Really Listening to Atheists: Taking Nonbelief Seriously


As an atheist, I have frequently had religious acquaintances and even family members misunderstand the basis for my lack of faith. So when Larry Alex Taunton, a Christian who has debated nonbelief with celebrity New Atheists Christopher Hitchens and Richard Dawkins, recently wrote about his conversations with college-aged apostates, emerging with several conclusions about why these young people are leaving the church, I was interested. 

Taunton and his organization wanted to understand how young men and women become avowed nonbelievers, and they contacted a number of campus secular groups to ask if their members would share their stories. Their respondents were mostly ex-Christians who had left the church during high school. Though Taunton acknowledges that most young atheists he has met in his career start out by "attribut[ing] the decision to the purely rational and objective," he highlights several other themes drawn from further discussion with the respondents: they found their church's "mission and message … vague"; "they felt their church offered superficial answers to life's difficult questions"; they respected ministers of genuine belief; their "decision to embrace belief was often an emotional one"; and the Internet was a factor in their journey to nonbelief. Taunton concludes by suggesting churches not shy away from being serious about belief and the Bible. In sum, according to Taunton, it would seem that the atheists to whom he spoke mostly suffered from personal disappointments with the church, rather than from disagreement with Christian dogma or religion as a whole.

Taunton's are deeply problematic findings. Because what this kind of analysis does, whether intentionally or not, is peremptorily dismiss these atheists' valid objections and present snippets from the interviews in such a way as to insult the sincerity of their nonbelief and foreclose other possible explanations for their apostasy; namely, that Christianity may be losing its grip over increasing numbers of young Americans not because its preachers and pastors are doing a shoddy job of delivering their message or listening to their flock, but because the young Americans find the religion itself to be inherently implausible or morally objectionable.

Written By: Jeffrey Tayler
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  1. The “journey to belief” in reality is indeed what Taunton is really investigating.

  2. Amidst some of the patronising and slanted subjective analyses of the study’s subjects one phrase caught my eye.
    “..the Internet was a factor in their journey to nonbelief”. This notion was a red flag to me. The mystification of the abstract “internet”.
    Try the sentence again replacing ‘internet’ with ‘library’ and this guy falls on hard times intellectually. (or try “the telephone was a factor in their journey to nonbelief”)
    Laughing stock.

  3. Really Listening to Atheists: Taking Nonbelief Seriously

    Or ..translated … without the theist blinkers – young atheists no longer taking religious dogmas and their superstitions seriously!

    (Why can’t they just accept his [immature] faith-claims as obviously correct?)

  4. As someone who used to belong to a “charismatic” Christian church, I personally did not reject the church because of how they preached about god, but because of the people. I left my first husband and got a divorce and in the process lost all of my church friends. I started to become disenchanted with the church earlier than this due to the dysfunctional patterns I noticed around me. Judgmentalism and hypocricy were everywhere, and in my case, you don’t realize how bad it is until your the victim of their judgement. That opened my eyes quite a bit. My atheism was a gradual process from then on.

  5. So Larry Taunton seeks for reasons for people leaving Christianity !

    From my POV there is no great intellectual struggle to be had ; **Christianity is incompatible with reality. **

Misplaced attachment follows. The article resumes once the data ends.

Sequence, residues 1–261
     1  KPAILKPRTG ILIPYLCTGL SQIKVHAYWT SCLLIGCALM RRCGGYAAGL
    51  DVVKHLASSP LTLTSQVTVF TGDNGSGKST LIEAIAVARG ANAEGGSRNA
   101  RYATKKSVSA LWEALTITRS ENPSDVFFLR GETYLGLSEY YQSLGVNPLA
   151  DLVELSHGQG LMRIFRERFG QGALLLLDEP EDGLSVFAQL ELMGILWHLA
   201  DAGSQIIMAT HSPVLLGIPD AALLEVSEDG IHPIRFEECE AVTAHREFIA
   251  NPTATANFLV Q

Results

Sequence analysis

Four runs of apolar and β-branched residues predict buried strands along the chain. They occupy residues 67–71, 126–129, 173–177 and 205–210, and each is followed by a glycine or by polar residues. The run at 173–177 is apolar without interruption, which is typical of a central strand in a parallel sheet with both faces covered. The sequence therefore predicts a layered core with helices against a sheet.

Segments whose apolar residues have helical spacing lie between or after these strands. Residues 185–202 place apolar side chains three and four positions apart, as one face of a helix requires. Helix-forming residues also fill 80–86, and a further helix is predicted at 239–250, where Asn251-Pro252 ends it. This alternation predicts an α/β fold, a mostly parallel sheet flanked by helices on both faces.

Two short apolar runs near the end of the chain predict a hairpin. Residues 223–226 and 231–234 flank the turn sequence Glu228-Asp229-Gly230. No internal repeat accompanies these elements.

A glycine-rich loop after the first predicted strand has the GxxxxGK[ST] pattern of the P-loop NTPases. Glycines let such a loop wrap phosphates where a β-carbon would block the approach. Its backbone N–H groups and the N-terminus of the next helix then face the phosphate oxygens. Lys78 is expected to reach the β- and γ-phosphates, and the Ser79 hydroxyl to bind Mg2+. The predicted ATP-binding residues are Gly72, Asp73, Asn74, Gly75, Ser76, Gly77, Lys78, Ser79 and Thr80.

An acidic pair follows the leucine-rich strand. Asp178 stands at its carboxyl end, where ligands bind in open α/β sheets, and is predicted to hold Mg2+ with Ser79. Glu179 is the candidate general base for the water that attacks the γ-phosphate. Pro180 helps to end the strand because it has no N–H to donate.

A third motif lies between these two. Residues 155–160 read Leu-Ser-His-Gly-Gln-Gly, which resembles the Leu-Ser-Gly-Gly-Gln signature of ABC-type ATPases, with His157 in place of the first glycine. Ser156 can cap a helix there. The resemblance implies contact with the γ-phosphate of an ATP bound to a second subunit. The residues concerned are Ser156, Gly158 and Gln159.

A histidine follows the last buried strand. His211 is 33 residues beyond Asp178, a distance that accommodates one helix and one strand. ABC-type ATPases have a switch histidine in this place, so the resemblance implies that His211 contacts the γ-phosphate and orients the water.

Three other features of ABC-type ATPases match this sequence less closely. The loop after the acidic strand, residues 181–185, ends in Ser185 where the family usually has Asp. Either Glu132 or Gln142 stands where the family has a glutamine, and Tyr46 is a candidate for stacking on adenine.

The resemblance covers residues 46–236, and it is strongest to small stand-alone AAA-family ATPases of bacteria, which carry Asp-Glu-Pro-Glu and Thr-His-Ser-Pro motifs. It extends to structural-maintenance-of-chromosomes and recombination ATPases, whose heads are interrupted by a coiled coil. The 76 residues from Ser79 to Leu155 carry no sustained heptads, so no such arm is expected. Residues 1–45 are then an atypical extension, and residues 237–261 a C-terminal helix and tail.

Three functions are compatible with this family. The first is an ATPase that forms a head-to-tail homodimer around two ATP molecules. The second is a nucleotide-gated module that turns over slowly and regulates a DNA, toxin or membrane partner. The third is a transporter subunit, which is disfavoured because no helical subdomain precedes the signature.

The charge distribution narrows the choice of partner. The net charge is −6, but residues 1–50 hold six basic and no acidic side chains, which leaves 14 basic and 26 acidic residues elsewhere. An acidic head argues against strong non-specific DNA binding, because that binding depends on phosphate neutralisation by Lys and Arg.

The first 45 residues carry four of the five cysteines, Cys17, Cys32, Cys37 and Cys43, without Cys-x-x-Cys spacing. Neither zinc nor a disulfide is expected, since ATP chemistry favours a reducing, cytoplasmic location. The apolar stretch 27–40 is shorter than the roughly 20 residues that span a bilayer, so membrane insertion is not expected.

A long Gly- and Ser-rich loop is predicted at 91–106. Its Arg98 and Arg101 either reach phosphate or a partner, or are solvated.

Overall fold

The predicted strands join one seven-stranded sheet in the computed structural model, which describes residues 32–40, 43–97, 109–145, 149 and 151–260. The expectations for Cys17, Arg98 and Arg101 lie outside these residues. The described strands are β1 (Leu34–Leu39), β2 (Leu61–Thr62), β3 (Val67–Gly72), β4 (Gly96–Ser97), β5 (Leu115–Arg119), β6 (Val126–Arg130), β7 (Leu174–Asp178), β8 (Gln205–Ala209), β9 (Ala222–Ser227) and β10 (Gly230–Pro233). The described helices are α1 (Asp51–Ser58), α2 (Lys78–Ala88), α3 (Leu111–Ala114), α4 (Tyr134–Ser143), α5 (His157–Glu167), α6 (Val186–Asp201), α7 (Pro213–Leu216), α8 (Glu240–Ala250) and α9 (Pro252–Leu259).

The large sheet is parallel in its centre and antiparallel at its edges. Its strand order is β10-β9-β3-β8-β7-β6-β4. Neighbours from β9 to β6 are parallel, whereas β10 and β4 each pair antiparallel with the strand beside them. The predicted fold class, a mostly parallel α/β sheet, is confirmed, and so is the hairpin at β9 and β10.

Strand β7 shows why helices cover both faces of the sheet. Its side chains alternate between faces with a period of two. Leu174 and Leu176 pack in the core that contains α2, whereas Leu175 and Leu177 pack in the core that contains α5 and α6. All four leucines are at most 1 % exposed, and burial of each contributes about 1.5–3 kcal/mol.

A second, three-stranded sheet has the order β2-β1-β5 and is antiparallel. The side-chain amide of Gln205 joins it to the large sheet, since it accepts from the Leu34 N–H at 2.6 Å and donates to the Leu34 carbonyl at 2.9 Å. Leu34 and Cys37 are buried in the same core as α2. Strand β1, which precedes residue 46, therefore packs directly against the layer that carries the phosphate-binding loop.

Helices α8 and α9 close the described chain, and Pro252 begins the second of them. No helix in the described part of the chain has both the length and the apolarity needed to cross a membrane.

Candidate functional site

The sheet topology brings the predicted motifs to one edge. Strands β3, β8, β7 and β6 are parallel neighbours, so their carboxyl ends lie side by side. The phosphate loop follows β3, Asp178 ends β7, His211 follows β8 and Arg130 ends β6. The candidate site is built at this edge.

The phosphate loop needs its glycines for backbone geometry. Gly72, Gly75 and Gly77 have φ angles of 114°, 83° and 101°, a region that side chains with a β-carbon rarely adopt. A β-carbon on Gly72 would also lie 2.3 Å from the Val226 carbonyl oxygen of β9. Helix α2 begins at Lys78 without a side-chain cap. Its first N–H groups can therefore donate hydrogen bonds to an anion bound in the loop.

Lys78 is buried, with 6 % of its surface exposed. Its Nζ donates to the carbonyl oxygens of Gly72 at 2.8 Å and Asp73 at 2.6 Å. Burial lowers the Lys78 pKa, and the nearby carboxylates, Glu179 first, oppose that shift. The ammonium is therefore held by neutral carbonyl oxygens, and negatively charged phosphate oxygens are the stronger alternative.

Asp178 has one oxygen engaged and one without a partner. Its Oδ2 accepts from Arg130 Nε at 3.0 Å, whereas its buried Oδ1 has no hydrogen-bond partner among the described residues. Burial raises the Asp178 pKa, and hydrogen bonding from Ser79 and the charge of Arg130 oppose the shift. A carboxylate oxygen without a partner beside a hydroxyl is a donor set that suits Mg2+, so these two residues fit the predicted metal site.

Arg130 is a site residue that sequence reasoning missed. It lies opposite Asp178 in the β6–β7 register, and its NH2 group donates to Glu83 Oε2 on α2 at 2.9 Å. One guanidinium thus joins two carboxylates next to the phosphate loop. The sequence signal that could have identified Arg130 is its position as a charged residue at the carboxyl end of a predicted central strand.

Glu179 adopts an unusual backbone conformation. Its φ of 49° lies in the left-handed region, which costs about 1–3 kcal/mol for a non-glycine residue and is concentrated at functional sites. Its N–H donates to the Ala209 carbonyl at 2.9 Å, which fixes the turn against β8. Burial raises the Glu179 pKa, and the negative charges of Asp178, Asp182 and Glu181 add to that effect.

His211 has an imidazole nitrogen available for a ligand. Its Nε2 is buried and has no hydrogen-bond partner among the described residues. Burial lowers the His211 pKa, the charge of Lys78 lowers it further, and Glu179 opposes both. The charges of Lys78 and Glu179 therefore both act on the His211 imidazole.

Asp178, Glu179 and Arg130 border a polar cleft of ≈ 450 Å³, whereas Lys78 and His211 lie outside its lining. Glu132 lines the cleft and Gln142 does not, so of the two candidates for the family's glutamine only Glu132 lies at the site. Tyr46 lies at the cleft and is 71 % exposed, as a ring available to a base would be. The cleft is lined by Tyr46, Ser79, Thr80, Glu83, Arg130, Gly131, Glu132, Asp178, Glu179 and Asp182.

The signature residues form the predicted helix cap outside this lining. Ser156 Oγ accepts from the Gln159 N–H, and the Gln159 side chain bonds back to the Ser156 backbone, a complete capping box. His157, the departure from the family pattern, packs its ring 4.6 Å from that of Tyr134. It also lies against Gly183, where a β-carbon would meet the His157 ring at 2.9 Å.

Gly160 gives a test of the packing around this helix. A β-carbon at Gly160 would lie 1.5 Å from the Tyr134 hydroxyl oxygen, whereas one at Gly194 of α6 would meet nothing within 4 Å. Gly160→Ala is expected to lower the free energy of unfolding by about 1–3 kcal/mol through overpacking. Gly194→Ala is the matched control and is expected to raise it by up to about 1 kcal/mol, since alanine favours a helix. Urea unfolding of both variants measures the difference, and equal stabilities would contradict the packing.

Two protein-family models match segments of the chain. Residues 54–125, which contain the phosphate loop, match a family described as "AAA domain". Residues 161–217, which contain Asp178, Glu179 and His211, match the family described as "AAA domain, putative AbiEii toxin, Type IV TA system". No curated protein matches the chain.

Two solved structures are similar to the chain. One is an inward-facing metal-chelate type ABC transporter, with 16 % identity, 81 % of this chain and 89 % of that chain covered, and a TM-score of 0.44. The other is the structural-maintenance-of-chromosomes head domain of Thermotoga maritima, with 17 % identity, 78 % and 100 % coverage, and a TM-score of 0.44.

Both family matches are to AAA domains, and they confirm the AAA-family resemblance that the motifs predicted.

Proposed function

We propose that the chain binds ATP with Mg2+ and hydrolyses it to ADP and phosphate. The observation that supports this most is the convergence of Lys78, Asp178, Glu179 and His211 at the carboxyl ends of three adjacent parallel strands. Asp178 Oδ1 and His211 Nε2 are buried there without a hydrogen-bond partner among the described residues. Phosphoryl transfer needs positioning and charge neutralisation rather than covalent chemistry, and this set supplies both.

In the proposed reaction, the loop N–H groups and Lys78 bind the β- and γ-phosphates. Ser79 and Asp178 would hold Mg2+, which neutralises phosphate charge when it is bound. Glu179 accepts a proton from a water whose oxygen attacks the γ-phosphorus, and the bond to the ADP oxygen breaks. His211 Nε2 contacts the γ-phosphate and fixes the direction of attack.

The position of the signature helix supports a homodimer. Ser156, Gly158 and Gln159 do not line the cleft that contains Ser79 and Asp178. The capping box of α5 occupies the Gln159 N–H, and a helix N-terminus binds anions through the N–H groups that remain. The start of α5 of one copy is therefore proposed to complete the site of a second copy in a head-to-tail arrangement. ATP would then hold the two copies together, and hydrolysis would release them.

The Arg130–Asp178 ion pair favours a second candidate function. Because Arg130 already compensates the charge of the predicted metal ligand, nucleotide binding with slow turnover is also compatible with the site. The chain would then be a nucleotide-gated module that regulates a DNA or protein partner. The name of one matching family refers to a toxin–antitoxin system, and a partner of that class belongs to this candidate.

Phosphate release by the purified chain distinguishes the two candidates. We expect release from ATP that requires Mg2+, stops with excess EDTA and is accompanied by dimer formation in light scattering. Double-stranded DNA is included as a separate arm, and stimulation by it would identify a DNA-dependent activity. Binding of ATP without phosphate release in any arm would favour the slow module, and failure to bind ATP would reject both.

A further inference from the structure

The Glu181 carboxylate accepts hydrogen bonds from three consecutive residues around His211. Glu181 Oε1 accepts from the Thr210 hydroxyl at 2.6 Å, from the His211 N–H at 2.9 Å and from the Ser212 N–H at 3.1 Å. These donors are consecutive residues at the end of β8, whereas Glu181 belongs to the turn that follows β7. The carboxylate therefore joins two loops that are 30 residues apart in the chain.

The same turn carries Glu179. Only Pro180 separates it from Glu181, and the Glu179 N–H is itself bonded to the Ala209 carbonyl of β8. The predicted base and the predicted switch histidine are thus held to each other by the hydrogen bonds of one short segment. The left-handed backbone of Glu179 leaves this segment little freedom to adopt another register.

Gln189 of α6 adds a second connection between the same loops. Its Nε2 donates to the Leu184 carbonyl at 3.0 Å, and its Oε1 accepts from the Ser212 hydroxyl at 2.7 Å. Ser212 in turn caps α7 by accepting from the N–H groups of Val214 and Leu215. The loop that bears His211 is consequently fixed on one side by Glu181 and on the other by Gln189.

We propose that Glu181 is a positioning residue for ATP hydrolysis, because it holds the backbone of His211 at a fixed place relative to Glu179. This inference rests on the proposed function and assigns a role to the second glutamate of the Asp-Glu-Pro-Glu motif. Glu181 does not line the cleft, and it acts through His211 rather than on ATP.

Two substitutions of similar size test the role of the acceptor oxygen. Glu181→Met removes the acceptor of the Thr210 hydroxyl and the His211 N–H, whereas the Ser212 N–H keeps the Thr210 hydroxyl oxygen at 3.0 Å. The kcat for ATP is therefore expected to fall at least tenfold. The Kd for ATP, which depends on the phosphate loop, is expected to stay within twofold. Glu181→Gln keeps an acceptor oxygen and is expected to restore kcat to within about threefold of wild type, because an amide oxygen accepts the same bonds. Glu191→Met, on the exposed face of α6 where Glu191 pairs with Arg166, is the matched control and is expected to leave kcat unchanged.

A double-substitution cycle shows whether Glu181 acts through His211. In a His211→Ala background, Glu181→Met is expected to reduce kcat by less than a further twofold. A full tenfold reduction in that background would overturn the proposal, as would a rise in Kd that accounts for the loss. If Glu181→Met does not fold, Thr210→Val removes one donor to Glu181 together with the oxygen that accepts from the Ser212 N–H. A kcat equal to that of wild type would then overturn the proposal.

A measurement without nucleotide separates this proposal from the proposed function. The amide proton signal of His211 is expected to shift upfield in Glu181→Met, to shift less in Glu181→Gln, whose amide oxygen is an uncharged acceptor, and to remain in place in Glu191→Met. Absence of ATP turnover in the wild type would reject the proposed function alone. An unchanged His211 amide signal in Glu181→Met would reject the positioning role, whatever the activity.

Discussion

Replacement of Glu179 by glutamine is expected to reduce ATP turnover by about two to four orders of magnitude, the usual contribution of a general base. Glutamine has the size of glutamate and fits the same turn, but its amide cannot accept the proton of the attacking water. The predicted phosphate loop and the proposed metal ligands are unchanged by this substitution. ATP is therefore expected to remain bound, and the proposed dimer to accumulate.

There, problem solved, – and no existential angst involved ! Now, Mr Taunton, go and tend your garden and do something useful. Even plants have only one life, and they are definitely essential and beneficial to human life, and most other life forms !

  6. He can’t bear coming to the conclusion that there is nothing the church can do but watch its numbers dwindle, so he rationalizes and distorts his findings and suggests strategies that are doomed to failure.

  7. Only by reading this fine article by Jeffrey Tayler, any sincere and honest person would become a sceptic or even an atheist, or would at least start questioning what he or she actually believes. It has been said that, on average, the development of the human intellect stops at age fifteen and that most people have a very limited and infantile view of life. This is exactly what’s wrong with people of the faith (and why organised religion is still flourishing). For them, it is so important to continue this comfortable but blind walk through life, that they will lie to (themselves) and cheat and insult rational fellow human beings at every opportunity. Dishonesty and intellectual laziness is the dominant character of so-called religious people. Pray for the internet; things will change.

  8. When someone is so convinced of their “rightness” nothing you say will sway them otherwise. They see everything through their lenses not realizing that they are wearing tinted glasses. The more invested they are in their perception the more difficult it is to have them open up to a new way of thinking.

    By the way, towards the bottom of the page of the link is a video “Life Advice from the First American to Summit Everest.” You might want to check this out. Life stories like these do more to uplift me than any church sermon I have ever heard. He has truly found his “cathedral.”

  9. I wonder what this guy would have said if anyone told him the internet made them convert to christianity. Accusing atheists of proselytizing is ridiculous since that’s alll christians do.

  10. Looks to me like a Karl Rove “math you do as a republican to make yourself feel better” moment.

  11. Luckily for me I grew up in a religion free environment, It seemed obvious to me even as a young child that gods were invented by us to explain the unexplainable .I never even heard the term atheist until I was in my 30’s ,we didn’t need to label ourselves ,when asked why they don’t believe in gods most people in my society would just say the idea of believing in gods in this day and age is just silly,theological or philosophical arguments don’t even come into it,its just plain obvious that we don’t need gods in this day and age.

  12. “young Americans find the religion itself to be inherently implausible or morally objectionable”

    In other words, they have noticed that the emperor has no clothes.